the effects of a growing tide of complaints about the GIR issue, which though
analogous to the GAR one in many ways, could not by its nature have been laid
off fully in dual accounting standards. This
issue has previously been summarised as Second Order Sophistry item 6. The background to this has been explained in detail by Peter
Scawen12 as part of a more general exposition of how Equitable
With-Profits annuities are calculated. When
the Society stopped policies with the GAR option, from 1988-96 they awarded a
guaranteed interest rate of accumulation of 3.5% per annum (GIR) to policies
until they matured. This was
mentioned in the product particulars, but in practice it could be arranged to
cost the Society little or nothing. In the first place, an initial deduction of
4.5% was taken from each premium, and there was an annual management charge of
0.5%. In the second, although the
accumulation rate was guaranteed, the proportion of this allotted as guaranteed
and un-guaranteed annual bonus was at the Society’s discretion. In retrospect,
the first indication that this might be important came from the bonus statements
for 1997, when both GIR and post July 1st 1996 non-GIR bonus rates
had to be declared, and the guaranteed portion of GIR bonus was 3.5% lower than
for non-GIRs. And what the GIR
product particulars did not state was that, that once a GIR annuity was taken,
the hurdle rate of overall return to ensure it remained level was also raised by
3.5%, such it suffered an automatic below-the-line compound drain rate 3.5% to
4% p.a. on both its guaranteed and un-guaranteed elements12.
As a result, most GIR annuitants had overall rates of return to keep
their annuities level 3.5% higher than they understood them to be.
The situation is further
worsened because, during the successive years of the annuity the proportion of
annual bonus added in guaranteed or un-guaranteed form to the remaining asset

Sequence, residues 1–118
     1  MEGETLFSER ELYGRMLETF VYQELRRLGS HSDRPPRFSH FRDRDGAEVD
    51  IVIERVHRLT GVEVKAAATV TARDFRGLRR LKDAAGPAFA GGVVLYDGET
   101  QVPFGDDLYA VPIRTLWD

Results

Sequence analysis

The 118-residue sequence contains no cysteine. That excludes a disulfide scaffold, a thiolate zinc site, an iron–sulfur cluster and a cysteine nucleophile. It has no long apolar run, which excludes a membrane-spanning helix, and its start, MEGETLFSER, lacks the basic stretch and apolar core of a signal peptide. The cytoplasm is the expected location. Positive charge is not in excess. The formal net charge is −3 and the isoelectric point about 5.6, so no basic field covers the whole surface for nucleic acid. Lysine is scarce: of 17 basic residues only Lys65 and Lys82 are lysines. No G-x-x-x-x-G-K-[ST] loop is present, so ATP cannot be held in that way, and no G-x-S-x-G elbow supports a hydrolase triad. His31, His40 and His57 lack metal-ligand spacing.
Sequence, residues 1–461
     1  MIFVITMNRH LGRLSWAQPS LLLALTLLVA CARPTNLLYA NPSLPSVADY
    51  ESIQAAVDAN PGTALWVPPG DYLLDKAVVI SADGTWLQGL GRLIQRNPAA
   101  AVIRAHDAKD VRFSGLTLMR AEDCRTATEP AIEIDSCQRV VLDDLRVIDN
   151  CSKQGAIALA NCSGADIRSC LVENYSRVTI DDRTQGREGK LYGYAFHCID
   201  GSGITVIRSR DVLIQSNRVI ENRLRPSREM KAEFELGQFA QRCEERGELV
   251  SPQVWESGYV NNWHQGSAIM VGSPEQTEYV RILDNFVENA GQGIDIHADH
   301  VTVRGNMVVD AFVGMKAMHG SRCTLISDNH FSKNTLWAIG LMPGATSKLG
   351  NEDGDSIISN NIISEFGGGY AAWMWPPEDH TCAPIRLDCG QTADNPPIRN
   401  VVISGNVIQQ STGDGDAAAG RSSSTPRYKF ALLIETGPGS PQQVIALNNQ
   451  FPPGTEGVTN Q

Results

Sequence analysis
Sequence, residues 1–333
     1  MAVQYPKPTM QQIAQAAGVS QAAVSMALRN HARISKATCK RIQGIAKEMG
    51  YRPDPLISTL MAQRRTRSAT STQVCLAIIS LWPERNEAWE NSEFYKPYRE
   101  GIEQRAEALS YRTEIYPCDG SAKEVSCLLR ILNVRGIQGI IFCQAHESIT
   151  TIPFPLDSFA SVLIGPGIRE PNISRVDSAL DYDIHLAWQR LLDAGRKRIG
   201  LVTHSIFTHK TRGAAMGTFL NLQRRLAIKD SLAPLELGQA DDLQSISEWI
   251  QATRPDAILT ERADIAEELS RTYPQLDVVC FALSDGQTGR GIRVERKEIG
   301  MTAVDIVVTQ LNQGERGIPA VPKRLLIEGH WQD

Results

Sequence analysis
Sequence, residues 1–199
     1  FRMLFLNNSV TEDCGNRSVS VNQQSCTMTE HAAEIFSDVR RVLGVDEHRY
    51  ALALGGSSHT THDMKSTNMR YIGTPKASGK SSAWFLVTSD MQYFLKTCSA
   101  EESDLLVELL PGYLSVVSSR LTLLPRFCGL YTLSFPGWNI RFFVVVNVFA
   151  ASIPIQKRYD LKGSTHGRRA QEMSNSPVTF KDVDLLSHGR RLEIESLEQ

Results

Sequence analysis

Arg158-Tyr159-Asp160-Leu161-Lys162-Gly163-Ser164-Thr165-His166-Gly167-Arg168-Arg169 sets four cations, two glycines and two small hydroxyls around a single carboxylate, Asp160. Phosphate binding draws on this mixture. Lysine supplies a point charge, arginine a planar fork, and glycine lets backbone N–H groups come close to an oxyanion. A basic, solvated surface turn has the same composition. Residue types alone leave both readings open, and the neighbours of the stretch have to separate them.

share is also at the Society’s discretion.
As a result, the proportion of a GIR annuity that is in basic guaranteed
form can erode rapidly, as is now the case.
All this amounts to a guarantee that functions more like a penalty, and
one that can be charged for in full twice over; i.e. both before and after the
annuity is taken. Retrospective
perusal of R & H8 sections 3.1.4 –6, which describes the
overall GIR charging structure, and section 3.2, which outlines the discretion
involved in allotting the guaranteed and un-guaranteed bonus elements, is also
useful in understanding the degrees of freedom which allowed this situation to
develop. Even so, the R & H paper was written before non-GIR
policies were introduced, and so does not deal with the further inequities that
resulted from their admixture. As a result the GIR policyholders (i.e. the rump
of the With-Profits Fund) are selectively disadvantaged in comparison with the
both the older GAR policyholders and the newer non-GIR policyholders, because
the GIR annuities erode 3.5% p.a. faster overall. We may also anticipate that
now the fund is closed to new business the Tontine effect will also disadvantage
GIR policyholders selectively versus newer policyholders. This will be further
accentuated if the life expectancy of the newer members is greater than older
ones, a factor that might place additional demands on the remnants of the
With-Profits Fund in any event. Unfortunately, despite the wishes of some, this
issue was not addressed in the Compromise Scheme, which is why further troubles
now threaten. In view of the
outcome of the GAR issue, the Society may additionally be liable for the GIR one
in future, perhaps to the tune of several billion pounds.
basis the Society could be as much as £10 billion short, of which it is
actively seeking to recover 3.2 billion. The
amount recoverable from former directors is likely to be very much smaller.